George H. Lambert, Jr.
The current presidential election season already feels like the longest in history. We have seen and heard so much about the candidates that it’s hard to remember what it’s all about. If we are to have, in Lincoln’s immortal words, a “government of the people, by the people, for the people,” then the people need to vote. And yet the United States, which sees itself as the greatest democracy in the world, lags behind every other developed nation when it comes to voter turnout.
There are no simple explanations for this problem—or should we call it a crisis? Nor are there simple solutions to remedy it. I believe, however, that we all can play a part in boosting voter turnout in our communities and that as a society we should make it a priority. Here are a few thoughts.
Beyond the White House. There’s no doubt that this presidential election is important, but all the attention on the race for the highest office in the land is distracting us from other contests. I encourage the news media to devote more focus to local elections so that voters are better informed and make better choices.
The Black vote. In recent years, black voters have turned out in greater numbers than white voters. Nevertheless, we can and should do better. Nonprofit organizations like the one that I run can’t endorse candidates, but working to improve turnout is fair game.
The millennial vote. This is the group of Americans who came to adulthood around the year 2000. More than 40 percent of the 80 million people in this vital demographic belong to a racial or ethnic minority group. Despite their reputation for apathy, they are actually passionate about social justice. Two out of three millennials told USA Today that they see police violence against Black people as a problem. The challenge lies is convincing them that their vote matters. We know that millennials are constantly on their smartphones. I hope that there’s a technology genius out there right now who’s coming up with a killer democracy app.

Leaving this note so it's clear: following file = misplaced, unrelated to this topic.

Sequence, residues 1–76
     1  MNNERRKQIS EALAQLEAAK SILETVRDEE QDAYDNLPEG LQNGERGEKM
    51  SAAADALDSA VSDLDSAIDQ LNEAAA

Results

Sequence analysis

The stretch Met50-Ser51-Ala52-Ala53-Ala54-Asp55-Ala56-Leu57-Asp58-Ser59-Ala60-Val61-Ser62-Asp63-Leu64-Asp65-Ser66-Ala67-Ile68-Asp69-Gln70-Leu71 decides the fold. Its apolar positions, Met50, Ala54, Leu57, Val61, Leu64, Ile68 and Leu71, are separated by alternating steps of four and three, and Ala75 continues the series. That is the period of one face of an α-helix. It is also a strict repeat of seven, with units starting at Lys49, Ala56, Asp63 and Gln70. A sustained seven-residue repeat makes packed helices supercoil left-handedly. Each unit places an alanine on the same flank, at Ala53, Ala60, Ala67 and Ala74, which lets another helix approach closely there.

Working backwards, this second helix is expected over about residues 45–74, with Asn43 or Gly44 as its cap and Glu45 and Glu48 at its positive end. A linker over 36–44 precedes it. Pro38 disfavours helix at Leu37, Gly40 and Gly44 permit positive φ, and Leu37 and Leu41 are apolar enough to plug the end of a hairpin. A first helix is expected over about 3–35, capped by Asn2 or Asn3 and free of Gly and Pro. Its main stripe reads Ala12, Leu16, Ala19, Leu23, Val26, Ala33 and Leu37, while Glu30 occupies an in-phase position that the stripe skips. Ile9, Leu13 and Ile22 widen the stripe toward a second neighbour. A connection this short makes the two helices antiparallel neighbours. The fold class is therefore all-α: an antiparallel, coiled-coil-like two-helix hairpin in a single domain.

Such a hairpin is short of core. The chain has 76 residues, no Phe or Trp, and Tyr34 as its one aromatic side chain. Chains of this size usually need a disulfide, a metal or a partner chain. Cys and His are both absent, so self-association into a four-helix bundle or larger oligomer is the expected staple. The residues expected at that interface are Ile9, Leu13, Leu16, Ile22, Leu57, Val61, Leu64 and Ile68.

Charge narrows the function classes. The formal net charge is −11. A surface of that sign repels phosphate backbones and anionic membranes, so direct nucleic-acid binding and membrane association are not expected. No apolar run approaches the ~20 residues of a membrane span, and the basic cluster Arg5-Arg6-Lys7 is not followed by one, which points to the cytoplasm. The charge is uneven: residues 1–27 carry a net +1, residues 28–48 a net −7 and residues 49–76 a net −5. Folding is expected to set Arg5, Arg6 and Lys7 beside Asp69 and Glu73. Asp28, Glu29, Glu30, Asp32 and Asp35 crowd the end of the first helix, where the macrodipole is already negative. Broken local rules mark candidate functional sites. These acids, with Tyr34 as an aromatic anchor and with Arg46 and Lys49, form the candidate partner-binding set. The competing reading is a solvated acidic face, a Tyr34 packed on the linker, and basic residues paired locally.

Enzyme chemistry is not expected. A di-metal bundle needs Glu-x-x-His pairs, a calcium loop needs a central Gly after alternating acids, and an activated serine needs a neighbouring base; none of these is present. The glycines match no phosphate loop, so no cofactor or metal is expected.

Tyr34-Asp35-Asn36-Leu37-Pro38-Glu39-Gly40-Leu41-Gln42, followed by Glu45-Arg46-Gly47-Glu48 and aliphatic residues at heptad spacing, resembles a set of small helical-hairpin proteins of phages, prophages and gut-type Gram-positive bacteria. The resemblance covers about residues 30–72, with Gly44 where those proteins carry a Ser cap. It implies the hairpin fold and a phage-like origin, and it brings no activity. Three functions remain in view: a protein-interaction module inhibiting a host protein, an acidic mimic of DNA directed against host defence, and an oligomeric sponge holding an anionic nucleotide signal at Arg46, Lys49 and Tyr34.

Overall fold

The District vote. We have seen the “Taxation without Representation” slogan on license plates for so long that it’s easy to forget how unfair it is that nearly 700,000 people have no Congressional representative. Surely this historic disenfranchisement leaves D.C. residents feeling that their vote doesn’t count.
Election reform. More and more states are making it harder and harder to vote. Wisconsin is perhaps the worst offender. North Carolina’s voter ID laws have also drawn controversy. Organizing to block and overturn unfair election laws makes our society more just. The lessons of the Civil Rights moment should still be fresh in our minds. Be sure to teach them to the younger people in your community.
Our democracy may not be perfect, but it’s the only one we’ve got. Even if none of the candidates fires you up this election, there’s no excuse to shirk your civic duty. Vote for the “least worst” candidates and wear your “I Voted” sticker proudly.
George H. Lambert, Jr. is the President and CEO of the Greater Washington Urban League.